Life Is But A Dream by Brian James
publisher: Feiwel & Friends
release date: March 27th, 2012
hardcover, 234 pages
intended audience: Young adult
source: from publisher for honest review
description: Sabrina, an artist, is diagnosed with schizophrenia, and her parents check her into the Wellness Center. There she meets Alec, who is convinced it's the world that's crazy, not the two of them. They are meant to be together; they are special. But when Alec starts to convince Sabrina that her treatment will wipe out everything that makes her creative, she worries that she'll lose hold of her dreams and herself. Should she listen to her doctor? her decision may have fatal consequences.
Brian James calls Life is But a Dream "the most intense book I've written. Bringing this unique character to life and seeing the world through her eyes, with all its beauty and confusion, was an immense challenge that I hope is just as rewarding to read as it was to write." Intense--yes. Unforgettable--definitely.
Review: Reading Life Is But a Dream is such a strange surreal experience, and one that definitely takes a few pages to really sink into. Sure there have been many book about characters dealing with schizophrenia, but how many have you read that are told from a first person perspective? This was a first time for me, and looking through Sabrina's eyes, with her world full of colors and landscapes that change with the swipe of her hand, and who doesn't know where her dreams end and the real world begins---it is mind-boggling, surreal, and emotionally exhausting. For such a short book, this actually took me most of a week to read because told in her POV, you really feel both the intensity with which she believes in her own way of seeing the world, and her confusion, especially once Alec convinces her to secretly stop her treatment and her world starts to spin out of control. While not a pleasant read by any means, it was incredibly fascinating.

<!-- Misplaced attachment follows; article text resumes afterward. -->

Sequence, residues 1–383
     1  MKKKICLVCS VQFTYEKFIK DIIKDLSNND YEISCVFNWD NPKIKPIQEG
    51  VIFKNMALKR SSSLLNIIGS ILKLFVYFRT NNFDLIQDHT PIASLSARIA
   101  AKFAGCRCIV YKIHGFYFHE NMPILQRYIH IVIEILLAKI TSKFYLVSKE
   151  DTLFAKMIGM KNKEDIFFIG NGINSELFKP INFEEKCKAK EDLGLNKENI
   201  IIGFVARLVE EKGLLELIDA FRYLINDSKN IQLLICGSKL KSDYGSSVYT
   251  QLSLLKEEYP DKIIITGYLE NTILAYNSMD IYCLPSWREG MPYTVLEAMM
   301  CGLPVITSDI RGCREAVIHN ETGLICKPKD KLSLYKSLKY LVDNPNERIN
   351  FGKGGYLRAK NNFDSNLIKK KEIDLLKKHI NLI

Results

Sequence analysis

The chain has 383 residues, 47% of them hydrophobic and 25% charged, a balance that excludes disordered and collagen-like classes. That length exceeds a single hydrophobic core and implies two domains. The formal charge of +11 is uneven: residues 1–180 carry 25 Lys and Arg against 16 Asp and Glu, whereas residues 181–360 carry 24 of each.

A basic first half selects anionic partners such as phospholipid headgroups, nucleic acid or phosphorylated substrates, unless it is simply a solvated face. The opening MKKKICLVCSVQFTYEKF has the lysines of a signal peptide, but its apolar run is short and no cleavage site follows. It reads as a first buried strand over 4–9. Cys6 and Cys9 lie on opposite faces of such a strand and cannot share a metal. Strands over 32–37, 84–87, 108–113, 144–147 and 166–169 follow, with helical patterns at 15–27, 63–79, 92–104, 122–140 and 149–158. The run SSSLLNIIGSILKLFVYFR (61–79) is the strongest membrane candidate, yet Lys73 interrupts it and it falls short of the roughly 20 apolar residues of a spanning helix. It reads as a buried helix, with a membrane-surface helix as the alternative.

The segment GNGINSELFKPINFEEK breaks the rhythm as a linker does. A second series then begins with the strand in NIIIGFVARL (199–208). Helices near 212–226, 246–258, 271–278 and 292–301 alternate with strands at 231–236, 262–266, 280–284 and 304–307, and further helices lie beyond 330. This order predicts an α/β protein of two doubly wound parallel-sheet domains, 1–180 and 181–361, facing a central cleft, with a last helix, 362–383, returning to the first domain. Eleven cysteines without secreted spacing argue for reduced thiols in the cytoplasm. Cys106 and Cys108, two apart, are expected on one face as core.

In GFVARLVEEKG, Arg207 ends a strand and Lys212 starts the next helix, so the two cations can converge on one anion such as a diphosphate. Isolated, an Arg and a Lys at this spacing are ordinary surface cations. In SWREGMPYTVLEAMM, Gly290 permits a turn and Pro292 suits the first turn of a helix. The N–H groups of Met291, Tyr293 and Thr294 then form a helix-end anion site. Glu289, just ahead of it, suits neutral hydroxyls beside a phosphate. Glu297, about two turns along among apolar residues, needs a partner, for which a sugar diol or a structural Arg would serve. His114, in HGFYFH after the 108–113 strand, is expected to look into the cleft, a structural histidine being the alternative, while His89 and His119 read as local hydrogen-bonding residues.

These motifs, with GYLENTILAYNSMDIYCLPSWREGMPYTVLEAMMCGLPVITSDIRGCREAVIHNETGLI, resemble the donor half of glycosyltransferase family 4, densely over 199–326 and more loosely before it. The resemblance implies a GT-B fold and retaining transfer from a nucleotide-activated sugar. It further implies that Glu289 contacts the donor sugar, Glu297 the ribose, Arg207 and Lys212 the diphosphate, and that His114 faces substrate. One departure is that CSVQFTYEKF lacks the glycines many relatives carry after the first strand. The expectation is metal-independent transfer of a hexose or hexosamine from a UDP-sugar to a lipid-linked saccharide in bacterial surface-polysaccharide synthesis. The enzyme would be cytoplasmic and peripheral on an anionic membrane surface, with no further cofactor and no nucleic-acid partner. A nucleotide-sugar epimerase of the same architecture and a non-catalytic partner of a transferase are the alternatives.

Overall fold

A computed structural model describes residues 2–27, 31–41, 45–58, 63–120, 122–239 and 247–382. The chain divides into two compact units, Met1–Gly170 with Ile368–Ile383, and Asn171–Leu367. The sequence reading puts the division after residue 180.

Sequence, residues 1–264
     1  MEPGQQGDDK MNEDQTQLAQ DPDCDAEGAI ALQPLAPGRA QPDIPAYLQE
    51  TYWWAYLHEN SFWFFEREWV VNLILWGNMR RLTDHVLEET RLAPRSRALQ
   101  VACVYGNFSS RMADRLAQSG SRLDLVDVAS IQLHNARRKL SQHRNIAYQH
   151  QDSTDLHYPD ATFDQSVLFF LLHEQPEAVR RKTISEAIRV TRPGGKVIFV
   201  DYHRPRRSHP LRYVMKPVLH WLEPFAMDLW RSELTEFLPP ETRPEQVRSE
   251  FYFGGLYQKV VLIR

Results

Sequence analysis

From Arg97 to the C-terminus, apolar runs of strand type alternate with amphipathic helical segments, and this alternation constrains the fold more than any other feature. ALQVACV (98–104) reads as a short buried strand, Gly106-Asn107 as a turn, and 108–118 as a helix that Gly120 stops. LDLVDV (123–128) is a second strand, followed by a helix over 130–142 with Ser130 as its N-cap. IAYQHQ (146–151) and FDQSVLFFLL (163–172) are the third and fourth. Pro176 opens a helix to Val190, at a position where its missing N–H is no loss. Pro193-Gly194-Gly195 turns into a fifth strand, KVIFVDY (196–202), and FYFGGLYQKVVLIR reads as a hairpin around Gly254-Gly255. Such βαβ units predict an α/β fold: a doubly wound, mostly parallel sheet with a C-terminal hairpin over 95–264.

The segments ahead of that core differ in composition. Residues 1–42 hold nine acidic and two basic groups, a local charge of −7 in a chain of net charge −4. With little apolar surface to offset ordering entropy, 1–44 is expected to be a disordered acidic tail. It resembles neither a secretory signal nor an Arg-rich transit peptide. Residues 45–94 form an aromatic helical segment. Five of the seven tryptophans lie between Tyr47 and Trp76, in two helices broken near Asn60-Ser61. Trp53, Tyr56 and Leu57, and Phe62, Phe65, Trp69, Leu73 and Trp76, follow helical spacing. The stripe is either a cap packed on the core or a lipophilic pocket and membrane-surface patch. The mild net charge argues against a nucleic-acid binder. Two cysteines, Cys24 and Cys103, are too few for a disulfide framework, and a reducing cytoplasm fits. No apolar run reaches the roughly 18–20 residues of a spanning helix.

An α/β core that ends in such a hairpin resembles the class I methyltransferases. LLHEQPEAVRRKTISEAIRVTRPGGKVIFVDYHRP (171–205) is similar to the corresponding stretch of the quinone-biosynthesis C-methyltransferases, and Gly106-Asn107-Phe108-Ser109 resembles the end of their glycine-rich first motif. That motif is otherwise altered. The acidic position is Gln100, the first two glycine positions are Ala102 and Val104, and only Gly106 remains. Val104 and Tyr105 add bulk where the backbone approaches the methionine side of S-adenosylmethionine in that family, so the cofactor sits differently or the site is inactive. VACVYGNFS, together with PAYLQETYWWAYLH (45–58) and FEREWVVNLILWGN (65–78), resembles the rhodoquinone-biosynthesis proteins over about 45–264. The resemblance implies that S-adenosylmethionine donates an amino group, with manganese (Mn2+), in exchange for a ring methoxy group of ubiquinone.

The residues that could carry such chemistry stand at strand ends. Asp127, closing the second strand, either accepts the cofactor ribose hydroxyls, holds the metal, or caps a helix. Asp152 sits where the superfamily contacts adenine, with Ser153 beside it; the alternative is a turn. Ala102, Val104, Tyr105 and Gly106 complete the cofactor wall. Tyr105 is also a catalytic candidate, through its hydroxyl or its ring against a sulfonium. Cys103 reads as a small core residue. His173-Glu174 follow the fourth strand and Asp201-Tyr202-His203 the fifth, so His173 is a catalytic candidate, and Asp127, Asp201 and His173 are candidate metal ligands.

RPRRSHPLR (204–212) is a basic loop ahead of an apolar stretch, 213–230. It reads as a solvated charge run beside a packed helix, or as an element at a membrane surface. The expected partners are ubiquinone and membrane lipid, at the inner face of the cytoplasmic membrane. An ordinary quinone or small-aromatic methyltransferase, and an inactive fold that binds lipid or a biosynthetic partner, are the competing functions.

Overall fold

It also showed how caring for someone so much can blind you to seeing what is best for them. In Alec's case, he definitely had some major problems of his own---anger issues, family issues---but I truly believed he loved Sabrina and wanted to believe that her condition was something creative and imaginative, instead of a completely lost grip on reality. As a spectator on their lives, I couldn't help but be angry that he was given so much access to her in the first place! She looked at the world with so much innocence, I just wanted to shake him and yell "You're not helping her!" It was so sad to see him so easily derail her treatment, so heartbreaking to see him think he is helping her when he is hurting her so much in the process.
Beautifully written, and characters that emotionally bind you to them, but a hard, emotionally taxing read.
My favorite quote: "I think about the girls I was friends with in elementary school and junior high and how they now spend so much of their energy hating so many of the things we loved back then because they are afraid of liking something that makes them different. All of them are so hypnotized by the spinning of the world that they don't realize they are simply dizzy."
Visit Brian James' website: www.brianjamestheauthor.blogspot.com
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